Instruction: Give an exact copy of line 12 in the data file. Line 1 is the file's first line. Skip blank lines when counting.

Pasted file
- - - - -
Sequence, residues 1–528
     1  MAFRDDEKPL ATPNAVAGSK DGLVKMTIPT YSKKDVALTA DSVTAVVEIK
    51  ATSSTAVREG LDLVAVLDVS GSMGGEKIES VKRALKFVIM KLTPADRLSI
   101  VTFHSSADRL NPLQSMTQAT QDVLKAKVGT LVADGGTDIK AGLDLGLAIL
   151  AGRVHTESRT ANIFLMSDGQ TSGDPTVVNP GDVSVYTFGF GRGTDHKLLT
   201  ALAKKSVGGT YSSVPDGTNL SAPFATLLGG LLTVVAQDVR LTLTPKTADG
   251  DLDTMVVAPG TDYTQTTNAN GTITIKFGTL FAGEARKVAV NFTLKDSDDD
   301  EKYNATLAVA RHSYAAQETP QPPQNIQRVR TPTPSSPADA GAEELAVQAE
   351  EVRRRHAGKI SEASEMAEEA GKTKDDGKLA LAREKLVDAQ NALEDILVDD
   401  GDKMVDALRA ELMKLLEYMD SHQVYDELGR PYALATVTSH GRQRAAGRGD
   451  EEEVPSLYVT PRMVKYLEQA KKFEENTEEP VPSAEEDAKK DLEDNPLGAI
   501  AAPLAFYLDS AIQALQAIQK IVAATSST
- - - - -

   501  AAPLAFYLDS AIQALQAIQK IVAATSST